My wife and I first met through an online dating site.  She sent me a message on one of their free unlimited messages weekends and we got chatting.  After we chatted for a while and we decided it might be good to catch up for a coffee we added each other on Facebook so we could keep in touch.  One of the first things we both did once we became Facebook friends (apart from a bit of photo stalking) was check out what mutual friends we had.  Oddly enough given we live in a small city and are both part of the Christian community, we had all of 2 mutual friends and neither of us knew either of them very well.  So while the Facebook stalking didn’t achieve much for us, it’s interesting to reflect on how one of the first things we both did was to look for connections to help us understand who the other person was.  We both looked at the other’s connections to get a clearer picture of their identity.


From the moment we are conceived our connections begin to influence our identity.  From our parents we inherit qualities like our ethnicity, our looks and our intelligence.  Our primary care givers, whether it’s our parents or others, are the ones who shape our initial perspective on the world and give us our foundational skills for interacting with it and learning about it.  As we get older our circle of connections widens to include friends who mould us and shape us further by challenging or supporting the world view we got from home.  The older we get, the more the influence transitions from our parents to our peers, and to the groups we involve ourselves in like sports clubs, fan groups, workplaces and churches or other faith-based organisations.   Each of these connections will impact how we see ourselves and our place in the world around us.  This means that while the source of the impact on our identity changes, the importance of our connections doesn’t.


Looking at the connections in my own life, I am a son, a brother, a cousin and a nephew.  I have been a partner, a fiancé a husband and step-father, then a divorcee and single.  Then I was blessed enough to be a partner and a fiancé again, and now I’m a husband and a step-father again.  I am a friend, a mate, a manager and an employee.  I’ve been a soccer player, a hockey player, basketballer, a touch footballer and a crossfitter.  I am a gym goer.  I’ve been a part of car clubs and photography groups.  I’ve been youth group leader and I am a church going Christian.  I probably have many more connections than I can list.  None of them either individually or in combination define me entirely, but each and every one of them contribute to my identity.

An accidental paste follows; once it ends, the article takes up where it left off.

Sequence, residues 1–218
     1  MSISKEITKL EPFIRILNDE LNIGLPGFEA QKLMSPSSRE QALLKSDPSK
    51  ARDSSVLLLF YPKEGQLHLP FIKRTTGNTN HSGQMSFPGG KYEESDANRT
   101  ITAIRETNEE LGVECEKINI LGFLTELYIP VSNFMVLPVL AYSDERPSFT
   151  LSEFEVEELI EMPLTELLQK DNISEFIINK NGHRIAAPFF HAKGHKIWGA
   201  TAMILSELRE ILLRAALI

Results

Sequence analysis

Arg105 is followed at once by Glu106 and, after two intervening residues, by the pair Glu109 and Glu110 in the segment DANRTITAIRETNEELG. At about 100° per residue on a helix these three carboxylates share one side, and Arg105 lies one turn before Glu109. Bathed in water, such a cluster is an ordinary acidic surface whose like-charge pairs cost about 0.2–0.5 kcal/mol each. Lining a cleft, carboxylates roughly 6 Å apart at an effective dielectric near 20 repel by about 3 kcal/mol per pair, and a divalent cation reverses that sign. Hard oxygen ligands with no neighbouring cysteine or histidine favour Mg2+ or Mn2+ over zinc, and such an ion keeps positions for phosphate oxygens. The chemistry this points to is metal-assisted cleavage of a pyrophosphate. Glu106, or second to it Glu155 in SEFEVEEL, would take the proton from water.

What about you?  What are your connections?  Who are the people and groups who impact on your identity?  I’ve got a couple of quick exercises for you to try to help think about these questions.  The first is called an eco-map.  Draw yourself in a circle the middle of a page, like the image, and then in other circles around you draw the connections you have in your community.  For example, family, friends, sports club, professional connections, social clubs etc.  The draw the things that you feel are most influential in circles closest to you, and as things become less influential draw their circles further away.  This will give you a picture of all the different connections and influences in your life.

The second activity is looking at your friendship circles.  Again, draw yourself in a circle in the middle of the page, but this time draw three concentric circles around yourself like in the picture.  In the circle closest to you, put the names of the closest people in your life.  These are the people who know most, if not everything, that goes on in your life and the ones who you would be comfortable talking to about almost anything.  In the next circle out write the names of those people who know you fairly well, but who don’t know as much as the inner circle.  These people are good friends, but not your first port of call.  In the outer circle put your other main friends or family, people who you have a good relationship with but who don’t know a lot of the details of what happens in your life.  They are people you can comfortably chat with, and probably keep tabs on through social media, but that’s about it.

Once you’ve done each of these activities, stop and take a look at the people and groups in each of your circles.  Pay particular attention to those in the closest circles of the eco-map, and the inner friendship circle.  These are the people who will have the most impact on your identity because they are the ones who have the most access to your life.  Are they good influences?  Do they strengthen and encourage you?  Are there people in those inner circles who maybe should be a layer back because they’re not great for you?  Or people in the outer circles who should be closer because they are more likely to build you up?

Our connections are often something we give little thought to, but they have a huge influence in every aspect of our lives.  Our family and our friends each impact who we are in different ways, and the closer they are to us the more impact they have.  This week I’d encourage you to make some time to consider the connections in your life and how they impact your identity.